Big doings at the El Paso Museum of Art on Saturday, Oct. 12 at the annual TEDxElPaso conference.
This year’s presenters include Miguel Gamino, the native El Pasoan who was the city’s first chief technology officer. He held the same job in San Francisco and worked for New York City Mayor Bill de Blasio. Now he’s in the private sector, running Mastercard’s global initiatives.
State Rep. Cesar Blanco, who’s running for the Texas Senate, will talk about the importance of voter registration, demographics and being a part of the political process.
Also speaking, the creative director of Meow Wolf in Santa Fe, a med student at Texas Tech in El Paso, and two local elementary students and a high school freshman who participate in TED-ED clubs.
To register, visit tedxelpaso.com.
Cindy Ramos-Davidson, CEO of the El Paso Hispanic Chamber of Commerce, received the National Minority Business Advocate of the Year Award from the U.S. Department of Commerce during Minority Enterprise Development Week in Washington, D.C.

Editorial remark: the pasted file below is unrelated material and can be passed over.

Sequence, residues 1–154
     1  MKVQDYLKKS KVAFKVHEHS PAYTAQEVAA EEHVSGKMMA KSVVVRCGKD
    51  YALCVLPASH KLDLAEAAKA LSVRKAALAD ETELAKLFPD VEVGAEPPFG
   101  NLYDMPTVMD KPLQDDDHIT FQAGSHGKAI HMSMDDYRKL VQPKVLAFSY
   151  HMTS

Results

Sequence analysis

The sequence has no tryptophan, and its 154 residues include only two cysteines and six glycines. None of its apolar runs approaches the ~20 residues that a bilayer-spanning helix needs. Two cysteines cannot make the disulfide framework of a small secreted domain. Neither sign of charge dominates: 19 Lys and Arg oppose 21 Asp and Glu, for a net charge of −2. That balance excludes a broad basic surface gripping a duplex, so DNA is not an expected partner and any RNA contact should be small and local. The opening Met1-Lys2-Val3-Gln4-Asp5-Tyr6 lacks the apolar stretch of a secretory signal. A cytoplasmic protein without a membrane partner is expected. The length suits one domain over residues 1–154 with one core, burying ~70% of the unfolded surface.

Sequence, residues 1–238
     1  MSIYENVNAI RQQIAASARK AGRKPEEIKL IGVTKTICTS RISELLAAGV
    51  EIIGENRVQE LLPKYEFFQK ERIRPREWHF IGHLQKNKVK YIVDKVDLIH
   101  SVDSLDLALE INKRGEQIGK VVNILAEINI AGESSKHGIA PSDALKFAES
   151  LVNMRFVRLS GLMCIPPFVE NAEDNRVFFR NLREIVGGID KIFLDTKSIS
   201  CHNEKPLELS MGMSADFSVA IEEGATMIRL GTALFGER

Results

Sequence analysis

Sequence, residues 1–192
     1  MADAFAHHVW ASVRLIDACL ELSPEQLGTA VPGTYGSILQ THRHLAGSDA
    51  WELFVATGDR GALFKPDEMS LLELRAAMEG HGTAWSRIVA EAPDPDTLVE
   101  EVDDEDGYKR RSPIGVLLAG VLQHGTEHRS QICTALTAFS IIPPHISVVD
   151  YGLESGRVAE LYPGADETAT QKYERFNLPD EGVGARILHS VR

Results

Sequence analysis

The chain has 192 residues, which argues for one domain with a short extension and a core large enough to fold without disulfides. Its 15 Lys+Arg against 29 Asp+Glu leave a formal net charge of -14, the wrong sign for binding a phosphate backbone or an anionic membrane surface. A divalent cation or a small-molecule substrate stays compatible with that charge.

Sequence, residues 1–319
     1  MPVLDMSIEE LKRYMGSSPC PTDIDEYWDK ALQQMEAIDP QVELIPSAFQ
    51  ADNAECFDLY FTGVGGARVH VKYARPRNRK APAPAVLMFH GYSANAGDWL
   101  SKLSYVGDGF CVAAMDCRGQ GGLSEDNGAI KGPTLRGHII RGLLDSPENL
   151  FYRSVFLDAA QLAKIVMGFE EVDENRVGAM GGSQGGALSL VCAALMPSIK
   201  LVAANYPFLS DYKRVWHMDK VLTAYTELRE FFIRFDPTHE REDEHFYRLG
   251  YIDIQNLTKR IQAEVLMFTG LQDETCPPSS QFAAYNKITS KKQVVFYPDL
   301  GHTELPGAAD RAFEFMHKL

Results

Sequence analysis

The awards are the highest level of national recognition that a U.S. minority-owned firm can receive from the Department of Commerce. The awards celebrate the outstanding achievement of minority entrepreneurs, as well as the individuals and organizations that have demonstrated their commitment to advancing minority business enterprise.
A book that’s a collaboration between El Paso photographer Bruce Berman and poets Ray Gonzalez and Lawrence Welsh is a finalist for the 2019 New Mexico-Arizona Book Award.
Titled “Cutting the Wire: Photographs and Poetry from the U.S. Mexico Border,” the book is published by the University of New Mexico Press. Through photos and poems, it takes a look at the everyday realities of life along the border.
Snøhetta, the Oslo-based firm that is designing the El Paso Children’s Museum, created a sculpture that’s on temporary display at the United Nations in New York City. It’s a curved bench titled “The Best Weapon,” a reference to a quote from Nelson Mandela: “The best weapon is to sit down and talk.”
The bench will remain in New York until Oct. 15, when it will be moved to a permanent location near the Oslo City Hall, where the Nobel Peace Prize is awarded each year.
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